I thought of the dress that she wore last time,
When we stood 'neath the cypress-trees together,

In that lost land, in that soft clime,
In the pleasant evening weather;

Of that muslin dress (for the eve was hot),
And her warm white neck in its golden chain;

And her full soft hair, just tied in a knot,
And falling loose again;

Of the jasmine flower that she wore in her breast,
(O the faint, sweet smell of that jasmine flower!)

And the one bird singing alone in his nest,
And the one star over the tower.

I thought of our little quarrels and strife.
And the letter that brought me back my ring;

And it all seemed then, in the waste of life,
Such a very little thing!

For I thought of her grave below the hill,
Which the sentinel cypress-tree stands over:

And I thought, "Were she only living still,
How I could forgive her and love her!"

And I swear, as I thought of her thus, in that hour.
And of how, after all, old things are best.

That I smelt the smell of that jasmine flower
Which she used to wear in her breast.

It smelt so faint, and it smelt so sweet,
It made me creep, and it made me cold!

Like the scent that steals from the crumbling sheet
Where a mummy is half unrolled.

And I turned and looked: she was sitting there,
In a dim box over the stage; and drest

In that muslin dress, with that full soft, hair,
And that jasmine in her breast!

I was here, and she was there;

And the glittering horseshoe curved between!— From my bride betrothed, with her raven hair

And her sumptuous scornful mien,

To my early love with her eyes downcast.
And over her primrose face the shade,

(In short, from the future back to the past.)
There was but a step to be made.

To my early love from my future bride
One moment I looked. Then I stole to the door,

I traversed the passage; and down at her side
I was sitting, a moment more.

My thinking of her, or the music's strain,
Or something which never will be exprest,

Had brought her back from the grave again,
With the jasmine iu her breast.

She is not dead, and she is not wed!

But she loves me now, and she loved me then! And the very lirst word that her sweet lips said,

My heart grew youthful again.

The marchioness there, of Carabas,

She is wealthy, and young, and handsome still; And but for her — well, we '11 let that pass;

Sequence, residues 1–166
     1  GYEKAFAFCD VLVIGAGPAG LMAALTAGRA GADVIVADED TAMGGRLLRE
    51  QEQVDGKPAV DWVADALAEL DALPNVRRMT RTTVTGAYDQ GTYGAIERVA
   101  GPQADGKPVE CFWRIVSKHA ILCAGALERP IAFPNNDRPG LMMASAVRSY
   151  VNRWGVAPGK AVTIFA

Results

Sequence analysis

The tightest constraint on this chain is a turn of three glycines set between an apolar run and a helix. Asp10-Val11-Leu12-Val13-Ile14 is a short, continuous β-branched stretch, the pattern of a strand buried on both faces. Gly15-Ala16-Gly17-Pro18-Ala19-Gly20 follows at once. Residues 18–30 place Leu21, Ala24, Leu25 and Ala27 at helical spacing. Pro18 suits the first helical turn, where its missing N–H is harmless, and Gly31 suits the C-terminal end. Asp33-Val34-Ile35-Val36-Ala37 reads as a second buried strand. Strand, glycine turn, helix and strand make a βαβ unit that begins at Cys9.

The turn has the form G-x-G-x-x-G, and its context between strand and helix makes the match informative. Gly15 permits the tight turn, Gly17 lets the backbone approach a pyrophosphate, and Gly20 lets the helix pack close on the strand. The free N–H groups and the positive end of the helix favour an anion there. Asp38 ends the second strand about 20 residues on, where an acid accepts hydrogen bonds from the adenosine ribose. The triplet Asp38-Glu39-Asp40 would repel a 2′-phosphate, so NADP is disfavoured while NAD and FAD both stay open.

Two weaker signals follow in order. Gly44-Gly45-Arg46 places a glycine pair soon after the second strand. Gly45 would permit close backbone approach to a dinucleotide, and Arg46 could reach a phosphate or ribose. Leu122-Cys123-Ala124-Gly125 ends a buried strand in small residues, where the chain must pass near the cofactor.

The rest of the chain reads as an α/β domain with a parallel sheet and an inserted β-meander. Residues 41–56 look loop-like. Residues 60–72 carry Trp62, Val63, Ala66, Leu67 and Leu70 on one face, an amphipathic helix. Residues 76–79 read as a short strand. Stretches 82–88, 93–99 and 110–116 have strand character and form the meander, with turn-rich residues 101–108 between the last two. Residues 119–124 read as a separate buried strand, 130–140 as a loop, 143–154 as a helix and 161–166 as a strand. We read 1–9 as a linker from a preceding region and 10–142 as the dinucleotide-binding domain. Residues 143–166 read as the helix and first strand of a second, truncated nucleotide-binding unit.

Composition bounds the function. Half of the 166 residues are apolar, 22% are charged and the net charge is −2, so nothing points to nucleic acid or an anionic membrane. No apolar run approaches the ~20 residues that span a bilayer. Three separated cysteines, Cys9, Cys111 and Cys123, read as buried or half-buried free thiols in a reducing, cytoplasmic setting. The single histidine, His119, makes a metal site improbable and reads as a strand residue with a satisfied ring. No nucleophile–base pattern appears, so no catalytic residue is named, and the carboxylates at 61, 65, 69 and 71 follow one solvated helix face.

She may marry whomever she will.

But I will marry my own first love,

With her primrose face, for old things are best; And the flower in her bosom, I prize it above

The brooch in my lady's breast.

The world is filled with folly and sin,
And love must cling where it can, I say:

For beauty is easy enough to win;
But one is n't loved every day.

And I think, in the lives of most women and men, There's a moment when all would go smooth and even,

If only the dead could find out when
To come back and be forgiven.

But O, the smell of that jasmine flower!

And O, the music! and O, the way
That voice rang out from the donjon tower —

Non ti scordar di me,

Non ti scordar di me!

Robert Bclwer Lytton.


)ME in the evening or come in the morning, Come when you're looked for, or come without warning,

Kisses and welcome you'll find here before you, And the ofteuer you come here the more I'll adore you.

Light is iny heart since the day we were plighted,
Red is my cheek that they told me was blighted;
The green of the trees looks far greener than ever,
And the linnets are singing, "True lovers, don't

I'll pull you sweet flowers, to wear if you choose them;
Or. after you've kissed them, they'll lie on my bosom.
I'll letch frorr. the mountain its breeze to inspire you;
I'll fetch from my fancy a tale that won't tire you.
Oh! your step's like the rain to the summer-vexed

Or saber and shield to a knight without armor;

I'll sing you sweet songs ( ill the stars rise above me.

Then, wandering, I'll wish you, iu sileuce, to love


We'll look through the trees at the cliff and the eyrie,
We'll tread round the rath on the track of the faiiy.
We'll look on the stars, and we'll list to the river,
Till you ask of your darling what gift you can give her.
Oh! she'll whisper you, "Love, as unchangeably

And trust, when in secret most tunefully streaming,
Till the starlight of heaven above us shall quiver,
As our souls flow in one down eternity's river."

So come in the evening or come in the morning,
Come when you're looked for, or come without warn-

Kisses and welcome you'll find here before you,
And the ofteuer you come here the more I'll adore you!

Light is my heart since the day we were plighted;

Red is my cheek that they told me was blighted;